Effects of a constant light environment on hippocampal neurogenesis and memory in mice
ABSTRACT Because the environmental light-dark cycle is a key factor involved in modulating circadian rhythm in mammals, disruption of cyclic light conditions has a variety of effects on physiology and behavior. In the hippocampus, neurogenesis, which continues to occur throughout life, has been reported to exhibit circadian variation under cyclic light-dark conditions. In the present study, we examined whether a constant light environment affected hippocampal neurogenesis in mice. Half of the animals were exposed to continuous light conditions (L/L group), while the other half remained under normal cyclic light-dark conditions (L/D group). In the L/L group, the number of BrdU-labeled cells (proliferating cells) and that of BrdU and class III β-tubulin double-labeled cells (newborn neurons) in the granule cell layer were significantly decreased compared with the L/D group. Because hippocampal neurogenesis is involved in memory and learning, we also investigated the effects on performance in water maze tasks to assess spatial learning. Exposure to L/L treatment for 3 weeks impaired spatial learning task performance, although there was no difference in the open field behaviors between the groups. These findings demonstrate that the constant light conditions impaired hippocampal neurogenesis as well as cognitive performance, and suggest an important role for the cyclic light-dark environment in appropriate maintenance of the hippocampal system.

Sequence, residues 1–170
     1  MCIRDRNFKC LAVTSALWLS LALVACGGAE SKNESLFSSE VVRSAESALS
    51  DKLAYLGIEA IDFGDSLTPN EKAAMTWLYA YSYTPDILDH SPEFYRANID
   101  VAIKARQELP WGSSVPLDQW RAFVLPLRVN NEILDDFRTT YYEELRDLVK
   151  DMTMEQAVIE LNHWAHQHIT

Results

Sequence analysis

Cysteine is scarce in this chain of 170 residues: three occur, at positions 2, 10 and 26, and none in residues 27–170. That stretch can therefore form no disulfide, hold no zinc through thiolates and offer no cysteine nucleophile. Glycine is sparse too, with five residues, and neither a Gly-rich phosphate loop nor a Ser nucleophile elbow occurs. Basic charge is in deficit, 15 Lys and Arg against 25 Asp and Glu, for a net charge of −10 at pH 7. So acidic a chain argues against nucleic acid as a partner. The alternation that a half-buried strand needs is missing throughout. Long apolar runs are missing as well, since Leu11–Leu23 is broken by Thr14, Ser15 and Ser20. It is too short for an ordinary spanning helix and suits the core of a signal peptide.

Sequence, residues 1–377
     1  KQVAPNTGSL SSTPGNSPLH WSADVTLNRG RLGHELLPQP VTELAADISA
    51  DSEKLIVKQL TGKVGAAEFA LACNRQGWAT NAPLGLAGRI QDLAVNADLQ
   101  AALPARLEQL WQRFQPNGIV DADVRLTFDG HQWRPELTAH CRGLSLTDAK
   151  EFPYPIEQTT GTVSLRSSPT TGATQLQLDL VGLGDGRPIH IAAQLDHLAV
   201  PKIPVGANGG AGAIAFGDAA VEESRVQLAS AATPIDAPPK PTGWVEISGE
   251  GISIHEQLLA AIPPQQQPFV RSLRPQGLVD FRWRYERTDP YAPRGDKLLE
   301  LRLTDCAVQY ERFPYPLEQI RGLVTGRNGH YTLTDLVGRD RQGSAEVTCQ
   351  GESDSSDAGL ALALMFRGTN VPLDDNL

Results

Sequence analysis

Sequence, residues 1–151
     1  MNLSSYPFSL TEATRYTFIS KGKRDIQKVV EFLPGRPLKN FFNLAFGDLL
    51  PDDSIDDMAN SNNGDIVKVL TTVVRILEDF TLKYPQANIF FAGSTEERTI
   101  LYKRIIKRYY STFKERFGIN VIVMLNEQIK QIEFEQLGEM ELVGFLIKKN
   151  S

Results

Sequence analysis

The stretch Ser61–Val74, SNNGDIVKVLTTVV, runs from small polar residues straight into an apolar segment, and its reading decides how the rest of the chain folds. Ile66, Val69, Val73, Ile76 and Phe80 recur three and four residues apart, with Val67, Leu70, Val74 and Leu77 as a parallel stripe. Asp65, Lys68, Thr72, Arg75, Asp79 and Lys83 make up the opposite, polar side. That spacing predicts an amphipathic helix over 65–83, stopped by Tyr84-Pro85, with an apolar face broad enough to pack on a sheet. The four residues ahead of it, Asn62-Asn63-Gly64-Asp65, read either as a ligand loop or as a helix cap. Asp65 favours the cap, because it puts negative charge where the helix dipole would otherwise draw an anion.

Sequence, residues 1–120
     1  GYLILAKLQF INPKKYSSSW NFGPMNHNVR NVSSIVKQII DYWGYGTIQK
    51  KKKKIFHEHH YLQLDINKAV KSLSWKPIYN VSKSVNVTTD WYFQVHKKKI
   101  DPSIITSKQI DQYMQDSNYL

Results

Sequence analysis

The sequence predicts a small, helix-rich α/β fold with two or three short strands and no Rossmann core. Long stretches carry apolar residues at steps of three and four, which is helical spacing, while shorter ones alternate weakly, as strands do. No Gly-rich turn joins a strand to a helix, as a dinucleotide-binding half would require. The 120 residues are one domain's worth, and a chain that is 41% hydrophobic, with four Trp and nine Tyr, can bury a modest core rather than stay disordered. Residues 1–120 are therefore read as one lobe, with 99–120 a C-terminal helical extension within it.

SourceAvailable from: Cesar Acevedo-Triana[Show abstract] [Hide abstract]